S  asks,  “Do you mean in our books?”

I respond, “Your job is to generate as many questions as you can.”

Then talk. Finally.

They were bursting with questions.



How come….

Is it ok if..


I heard a little bit of, “That’s not a good one.” To which I added, “No judgement.”

And a little of, “That’s because…” To which I mentioned, “No discussion.”

I also heard, “How do you do that? You have so many questions!”

Mostly I heard questions that fit the idea.

In about five minutes most had a page of questions.

One group member came to me and admitted they had nothing because two group members “played around.” (classic) The group was dismantled, distributed among the groups with only three and informed of the questions they had come up with.

As we walked to lunch J said to me, “I’m so glad we are asking questions. I am always asking questions.” I wasn’t surprised to hear this from her. She is someone who asks all the time and it shows in her reading and writing.

Questions are the road to thought, to asserting your ideas, to wondering about why things are they way they are, to how they could be better, to change. All students need a healthy dose of why, when, where, how come in their daily school routine. Questions that come from them, not a teacher or a test. Questioning empowers us.

The scribes filed away their questions and saved them for tomorrow’s next steps: improving and and categorizing  them as open- or closed-ended. Just understanding the difference will be huge.

Excited for tomorrow.


Slice of Life Day 28: Hearing Student Voices

During the month of March I am blogging daily with others in the Slice of Life Daily Challenge. Thank you  TaraAnnaDanaStacey,  Betsy  and Beth at Two Writing Teachers for providing and supporting this place to learn and grow. Read more slices here.


Today. What to write? Lots of thoughts. Overloaded brain. Things aren’t completely thought out. I may misspeak. That’s a difficult place to be when you are putting your words into the world. It happens. Just keep writing. That is the goal I told my students. That is your goal for today. So that’s what I’m telling myself on day 28 of the March Slice of Life Challenge.

Write don’t stop. Just write. It’s about fluency, I tell my students and myself. You must be fearless when you know someone might judge your writing. When students write they are judged. They are assessed as to what they need as a writer. What a vulnerable place to be. If someone was out there taking notes on my writing, categorizing my needs as a writer, designing a teaching point for me, would I feel good or bad about this? What would make me feel privileged to get their input. What would make me feel less than and want to hide and never write another word.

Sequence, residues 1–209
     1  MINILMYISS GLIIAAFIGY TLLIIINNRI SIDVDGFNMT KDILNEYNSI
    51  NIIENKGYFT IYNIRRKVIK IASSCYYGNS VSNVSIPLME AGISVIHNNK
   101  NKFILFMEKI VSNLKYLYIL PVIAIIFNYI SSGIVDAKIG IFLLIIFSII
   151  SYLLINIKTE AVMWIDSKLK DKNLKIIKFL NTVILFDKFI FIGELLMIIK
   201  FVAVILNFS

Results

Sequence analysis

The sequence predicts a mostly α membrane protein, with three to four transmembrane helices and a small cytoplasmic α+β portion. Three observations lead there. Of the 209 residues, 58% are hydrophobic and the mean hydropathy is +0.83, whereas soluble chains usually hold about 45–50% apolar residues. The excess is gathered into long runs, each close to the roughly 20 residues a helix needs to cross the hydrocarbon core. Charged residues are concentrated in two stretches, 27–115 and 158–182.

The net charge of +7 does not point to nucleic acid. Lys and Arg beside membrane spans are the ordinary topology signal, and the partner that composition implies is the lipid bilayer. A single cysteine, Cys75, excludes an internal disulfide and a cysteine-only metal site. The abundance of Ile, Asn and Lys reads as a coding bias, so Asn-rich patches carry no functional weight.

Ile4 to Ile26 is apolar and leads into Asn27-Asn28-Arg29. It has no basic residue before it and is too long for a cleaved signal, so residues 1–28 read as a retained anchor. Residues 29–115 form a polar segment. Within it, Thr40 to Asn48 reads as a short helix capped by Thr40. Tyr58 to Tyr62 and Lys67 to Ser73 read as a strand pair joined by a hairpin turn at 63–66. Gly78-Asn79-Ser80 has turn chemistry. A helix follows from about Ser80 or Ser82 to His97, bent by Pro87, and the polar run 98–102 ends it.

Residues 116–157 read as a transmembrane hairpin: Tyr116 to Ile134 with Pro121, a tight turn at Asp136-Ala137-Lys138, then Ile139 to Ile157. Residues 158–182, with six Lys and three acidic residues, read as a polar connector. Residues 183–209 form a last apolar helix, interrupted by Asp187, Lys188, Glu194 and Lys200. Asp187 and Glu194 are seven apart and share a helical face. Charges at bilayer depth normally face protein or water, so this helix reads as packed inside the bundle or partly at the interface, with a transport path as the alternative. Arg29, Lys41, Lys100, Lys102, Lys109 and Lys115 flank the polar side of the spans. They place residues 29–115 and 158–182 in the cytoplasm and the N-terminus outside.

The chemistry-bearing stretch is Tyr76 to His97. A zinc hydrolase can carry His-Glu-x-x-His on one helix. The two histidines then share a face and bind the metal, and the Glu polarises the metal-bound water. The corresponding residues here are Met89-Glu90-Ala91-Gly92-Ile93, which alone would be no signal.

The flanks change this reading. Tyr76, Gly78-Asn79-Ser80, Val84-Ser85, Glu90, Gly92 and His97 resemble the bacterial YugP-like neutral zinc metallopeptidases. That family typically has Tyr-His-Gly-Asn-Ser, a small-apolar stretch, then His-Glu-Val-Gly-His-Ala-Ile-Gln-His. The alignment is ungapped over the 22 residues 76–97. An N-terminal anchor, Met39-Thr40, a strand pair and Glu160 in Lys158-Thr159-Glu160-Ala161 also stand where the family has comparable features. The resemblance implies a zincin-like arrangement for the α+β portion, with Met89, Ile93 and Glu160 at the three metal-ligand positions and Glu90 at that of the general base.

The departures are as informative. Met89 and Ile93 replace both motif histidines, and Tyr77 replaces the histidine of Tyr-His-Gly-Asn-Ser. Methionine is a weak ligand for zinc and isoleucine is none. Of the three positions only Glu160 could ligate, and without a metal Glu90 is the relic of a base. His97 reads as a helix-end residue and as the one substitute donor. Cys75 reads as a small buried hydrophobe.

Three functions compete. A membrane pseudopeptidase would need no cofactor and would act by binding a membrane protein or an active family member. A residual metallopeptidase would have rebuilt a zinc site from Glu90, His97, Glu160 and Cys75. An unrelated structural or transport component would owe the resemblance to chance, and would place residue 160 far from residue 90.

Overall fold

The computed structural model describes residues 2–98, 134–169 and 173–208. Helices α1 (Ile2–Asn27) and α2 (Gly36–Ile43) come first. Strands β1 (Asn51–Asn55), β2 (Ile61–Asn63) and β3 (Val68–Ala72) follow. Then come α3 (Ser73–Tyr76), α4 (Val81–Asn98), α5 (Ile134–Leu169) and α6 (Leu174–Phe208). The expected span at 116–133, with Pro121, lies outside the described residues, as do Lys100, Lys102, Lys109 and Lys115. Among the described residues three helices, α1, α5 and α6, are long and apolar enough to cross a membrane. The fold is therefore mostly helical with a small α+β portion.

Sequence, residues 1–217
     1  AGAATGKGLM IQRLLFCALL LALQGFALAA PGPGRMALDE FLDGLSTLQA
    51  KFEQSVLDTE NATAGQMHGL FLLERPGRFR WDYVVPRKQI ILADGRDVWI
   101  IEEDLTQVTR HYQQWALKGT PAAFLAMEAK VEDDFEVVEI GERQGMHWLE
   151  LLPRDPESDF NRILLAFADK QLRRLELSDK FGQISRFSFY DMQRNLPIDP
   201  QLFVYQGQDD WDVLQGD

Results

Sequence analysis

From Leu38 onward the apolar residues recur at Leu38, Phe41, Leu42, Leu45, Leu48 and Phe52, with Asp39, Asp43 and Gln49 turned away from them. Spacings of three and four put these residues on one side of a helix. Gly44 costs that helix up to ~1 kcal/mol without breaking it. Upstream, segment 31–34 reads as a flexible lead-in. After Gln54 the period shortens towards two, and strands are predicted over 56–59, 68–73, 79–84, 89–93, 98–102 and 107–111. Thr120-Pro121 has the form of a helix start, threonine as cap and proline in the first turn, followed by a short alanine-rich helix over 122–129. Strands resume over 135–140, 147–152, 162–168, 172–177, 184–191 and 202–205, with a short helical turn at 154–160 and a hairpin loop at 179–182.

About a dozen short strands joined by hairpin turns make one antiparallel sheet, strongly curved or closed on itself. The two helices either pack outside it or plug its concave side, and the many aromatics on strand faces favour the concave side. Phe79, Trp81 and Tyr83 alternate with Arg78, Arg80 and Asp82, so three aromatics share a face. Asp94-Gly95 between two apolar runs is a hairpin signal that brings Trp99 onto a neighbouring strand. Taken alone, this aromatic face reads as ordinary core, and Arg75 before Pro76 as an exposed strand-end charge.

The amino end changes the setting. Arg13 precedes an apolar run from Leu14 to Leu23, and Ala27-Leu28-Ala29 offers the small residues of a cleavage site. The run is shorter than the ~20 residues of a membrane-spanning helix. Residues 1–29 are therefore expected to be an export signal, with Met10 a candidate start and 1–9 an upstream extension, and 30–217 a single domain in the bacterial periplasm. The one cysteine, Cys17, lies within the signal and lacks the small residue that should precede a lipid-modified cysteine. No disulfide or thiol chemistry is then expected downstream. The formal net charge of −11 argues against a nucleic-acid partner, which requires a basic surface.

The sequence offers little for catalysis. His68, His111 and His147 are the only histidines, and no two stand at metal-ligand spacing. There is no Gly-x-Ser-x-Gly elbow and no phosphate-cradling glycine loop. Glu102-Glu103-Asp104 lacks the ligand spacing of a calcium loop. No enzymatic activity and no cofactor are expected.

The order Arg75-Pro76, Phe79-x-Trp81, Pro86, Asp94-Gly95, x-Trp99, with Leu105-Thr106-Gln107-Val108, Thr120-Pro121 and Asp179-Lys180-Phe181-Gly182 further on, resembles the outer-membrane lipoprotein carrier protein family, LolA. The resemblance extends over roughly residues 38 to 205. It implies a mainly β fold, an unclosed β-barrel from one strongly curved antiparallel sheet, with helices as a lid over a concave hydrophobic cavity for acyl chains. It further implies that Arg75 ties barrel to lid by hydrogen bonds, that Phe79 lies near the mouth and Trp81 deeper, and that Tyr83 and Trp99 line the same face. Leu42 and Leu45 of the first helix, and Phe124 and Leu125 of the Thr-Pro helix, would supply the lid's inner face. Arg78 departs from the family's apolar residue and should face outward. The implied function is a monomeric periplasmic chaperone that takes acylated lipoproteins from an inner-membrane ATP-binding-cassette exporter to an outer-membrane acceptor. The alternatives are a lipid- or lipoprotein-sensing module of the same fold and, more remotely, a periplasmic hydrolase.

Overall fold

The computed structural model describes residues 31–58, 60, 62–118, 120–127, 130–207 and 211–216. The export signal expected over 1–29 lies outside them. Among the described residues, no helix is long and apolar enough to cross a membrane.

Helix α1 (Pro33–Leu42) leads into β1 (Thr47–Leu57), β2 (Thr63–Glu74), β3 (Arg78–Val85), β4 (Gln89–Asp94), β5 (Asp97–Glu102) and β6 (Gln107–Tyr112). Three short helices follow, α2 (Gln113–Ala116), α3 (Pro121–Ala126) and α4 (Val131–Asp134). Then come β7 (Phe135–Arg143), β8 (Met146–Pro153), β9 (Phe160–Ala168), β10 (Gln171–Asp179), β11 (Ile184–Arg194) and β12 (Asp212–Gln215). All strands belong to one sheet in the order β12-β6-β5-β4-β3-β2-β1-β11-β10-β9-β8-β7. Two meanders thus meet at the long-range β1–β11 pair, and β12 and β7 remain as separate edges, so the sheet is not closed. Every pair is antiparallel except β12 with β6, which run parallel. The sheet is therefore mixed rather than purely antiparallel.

I remember one time when I was in a Teachers College workshop with Colleen Cruz, I was stuck. She walked up to me asked me a simple question. With my answer I knew where to go next.  It was magic. She just asked a question and opened my eyes to what was right there. I just wasn’t looking.  I’ll never forget that feeling. It was empowering. Nothing about it made me feel less than. It made me realize what I needed to reach for as a writer and a teacher of writing.

That magic aha moment is hard to give to students. What I am starting to see though, after years of doing this work, is that my mission is to nudge writers, ever so slightly in the direction that they are leaning that approximates forward. Pushing too hard will just result in a fall.

Hearing  what student writers are saying has taken time. Hearing what they are saying versus  hearing my thinking of where I’m trying to take them, is my challenge. What they think and say makes sense, perfect sense to them. Just like understanding phonetic writing, a teacher’s ear needs to be fine tuned to the nuance of what they say and see and how it relates to what they are attempting to do. With that understanding, I can nudge them on from where they are sitting. It takes patience and time of both teacher and  student. I’m just acquiring the ear for this work. Student voices seep in  when I stop myself  and just listen to what they are saying. Then I have the huge aha moment.


You my dear readers have put up with my meanderings over the last 26 days. Thank you. I do appreciate it. To those who continue to visit and take the time to comment. I can only hope I give back a little of what you all have given to  me.

A few slices ago I mentioned a podcast I was doing on twitter and blogging. if you have the time check this out. Listen for my lovely student voices. Unfortunately there isn’t enough of them in this podcast.